Don’t be shocked if word comes down Monday at that Andrew Bynum is on his way to the Utah Jazz. Or maybe the Cavaliers just decide to hold on to Bynum for a day then waive him themselves on Tuesday.
That’s because the much-discussed Bynum to the Los Angeles Lakers for Pau Gasol talks have stalled out on the same issues that have hung them up for days. The two sides will keep talking but with a real deadline here of Monday (if you are going to waive Bynum by Tuesday) a deal seems unlikely. Brian Windhorst and Ramona Shelburne of ESPN have the details.
Though the discussions have been varied and both sides considered numerous possibilities, the central issue never wavered, sources said.
The Lakers wanted more than just salary savings that trading for Bynum and waiving him would bring, primarily a young player or valuable draft pick. Trading for and cutting Bynum had the potential to save the Lakers more than $20 million in salary and luxury taxes. The Cavs, who stood to add millions to their own payroll with the deal, have resisted meeting the price because Gasol will be a free agent at the end of the season.
The two sides just see the value of Gasol differently. For the Lakers, they see themselves moving a former All-Star and NBA champion who is skilled in the post and can really help a team, and they want to be compensated as such. The Cavaliers want Gasol for those skills to help make a playoff run, but they expect he is a half-season rental and they wisely shouldn’t give up long-term rebuilding assets to make the playoffs this season.
Cleveland had been in talks with the Utah Jazz for a deal that would send Bynum to Utah for veteran swingman Richard Jefferson. That deal could still come together.
Or the Cavaliers could just waive Bynum themselves. Whoever waives Bynum on Jan. 7 will not have to pay the second $6.2 million he is owed for this season (or the $12.5 million he is owed next season).
Once Bynum does clear waivers there will be a few teams looking to bring in the big man with the bad knees to be a reserve for them. Teams like Miami and maybe the Clippers will have interest — but only on a minimum contract.
NBA: Kenneth Faried got away with foul on decisive basket in Nuggets’ win over Bulls
The Bulls’ biggest loss Friday was Jimmy Butlerto injury. His absence certainly contributed to a loss to the Timberwolves the following night.
But Chicago also lost to the Nuggets on Friday, and perhaps that wouldn’t have happened if the game were called correctly down the stretch.
With Denver up two points and 21.1 seconds remaining, Kenneth Faried offensively rebounded a free throw and scored. The Bulls then intentionally fouled down the stretch, and Faried and Danilo Gallinari added a few free throws in the Nuggets’ 115-110 win.
Faried (DEN) extends his arm into Gibson (CHI) and dislodges him, affecting his ability to retrieve the rebound.
This was a huge swing. Instead of Taj Gibson – a 69% career free-throw shooter – going to the line for two attempts with Chicago down two points, Faried put the Nuggets up four. Even if Gibson split at the line, the Bulls would have been in significantly better shape.
As usual, we can’t know what would’ve happened if this call were made correctly. But it significantly set back Chicago.
NBA considering if jump-on-back foul should be flagrant foul
The NBA was quick to let people know that this is just something under consideration — there has been no change in the rules. This may well be where the league is headed, but it’s not there yet.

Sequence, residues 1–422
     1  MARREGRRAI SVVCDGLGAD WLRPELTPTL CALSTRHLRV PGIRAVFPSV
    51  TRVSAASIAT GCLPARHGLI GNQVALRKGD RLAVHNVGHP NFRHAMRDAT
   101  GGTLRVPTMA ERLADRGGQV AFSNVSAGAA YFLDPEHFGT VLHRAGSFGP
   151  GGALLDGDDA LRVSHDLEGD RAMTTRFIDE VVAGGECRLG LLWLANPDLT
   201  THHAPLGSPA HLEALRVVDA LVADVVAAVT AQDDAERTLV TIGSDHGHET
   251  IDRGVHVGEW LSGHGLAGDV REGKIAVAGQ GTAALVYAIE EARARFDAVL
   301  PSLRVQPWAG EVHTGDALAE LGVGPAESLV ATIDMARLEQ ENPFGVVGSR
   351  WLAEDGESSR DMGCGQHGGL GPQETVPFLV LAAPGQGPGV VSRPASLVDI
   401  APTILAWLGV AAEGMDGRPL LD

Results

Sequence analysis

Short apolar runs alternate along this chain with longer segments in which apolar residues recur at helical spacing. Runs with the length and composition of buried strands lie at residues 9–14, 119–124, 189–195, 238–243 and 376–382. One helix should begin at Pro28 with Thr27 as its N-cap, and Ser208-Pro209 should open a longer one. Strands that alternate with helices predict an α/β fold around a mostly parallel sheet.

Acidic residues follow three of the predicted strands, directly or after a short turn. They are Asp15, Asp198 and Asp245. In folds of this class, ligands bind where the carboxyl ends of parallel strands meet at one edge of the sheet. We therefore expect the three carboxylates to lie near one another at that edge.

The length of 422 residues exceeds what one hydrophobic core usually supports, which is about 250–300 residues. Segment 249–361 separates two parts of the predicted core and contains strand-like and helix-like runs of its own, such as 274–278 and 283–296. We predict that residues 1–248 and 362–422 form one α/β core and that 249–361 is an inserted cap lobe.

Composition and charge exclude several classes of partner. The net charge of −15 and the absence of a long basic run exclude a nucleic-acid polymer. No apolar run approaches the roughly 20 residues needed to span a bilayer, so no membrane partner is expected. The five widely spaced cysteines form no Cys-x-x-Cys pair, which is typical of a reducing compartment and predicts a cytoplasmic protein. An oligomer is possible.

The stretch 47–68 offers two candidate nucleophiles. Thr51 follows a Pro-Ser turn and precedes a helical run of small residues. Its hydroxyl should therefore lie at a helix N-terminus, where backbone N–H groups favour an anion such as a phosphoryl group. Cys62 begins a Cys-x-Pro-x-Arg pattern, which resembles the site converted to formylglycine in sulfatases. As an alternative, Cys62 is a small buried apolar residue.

The NBA defines a flagrant foul as “unnecessary contact committed by a player against an opponent.” To me, leaping on a player’s back like that qualifies. (A flagrant two foul is “unnecessary and excessive contact” and leads to an ejection; this is not that.)
Jared Dudley — one of the more vocal players on union issues — added a good point.
Since we're in the subject! I think it's crazy that the @NBA can make a rule without even discussing it with the players. No input at all
Smith (CLE) makes incidental contact with Turner’s (BOS) body as he attempts the layup.
If this were officiated correctly, the Cavs would’ve had the ball and a two-point lead with 5.9 seconds left. That’s not a lock to win – they’d still have to inbound the ball and make their free throws – but it’s close.
Cleveland is definitely entitled to feel the refs wronged them out of a victory.
Report: Kevin Durant has “done his due diligence on the Bay Area”
Kevin Durant has not made up his mind about what he will do as a free agent this summer. Until his playoff run ends, whenever that may be for the Thunder, his focus will be on bringing a title to Oklahoma City.
But even he admits he can’t help but think about free agency a little.
The Warriors play in front of an intimidating Oracle Arena crowd and are expected to debut a new San Francisco arena in 2019. Durant has quietly done his due diligence on the Bay Area, too, sources told Yahoo Sports.
His people — specifically agent Rich Kleiman and personal manager Charlie Bell — would be stupid not to have done some research on not only Golden State but on every other team he might consider: Houston, Miami, Washington, both teams in Los Angeles, the Knicks, and on down the line. Golden State, playing with Stephen Curry, certainly would have its attractions.
I’m still in the camp that Durant signs a 1+1 deal to stay in Oklahoma City (meaning he can opt out after one more season, in 2017), and it’s all about the cash. While he could get 30 percent of a $90 million cap this summer (about $27 million a season to start), with one more year of service in 2017 Durant could get 35 percent of $108 million ($37.8 million to start). That’s a lot of cash. Plus he gets one more chance at a ring with Russell Westbrook and Serge Ibaka, who both are 2017 free agents.
But you can be sure whatever Durant decides, it will be well researched and thought out. And he’s not going to announce it in a live special on ESPN.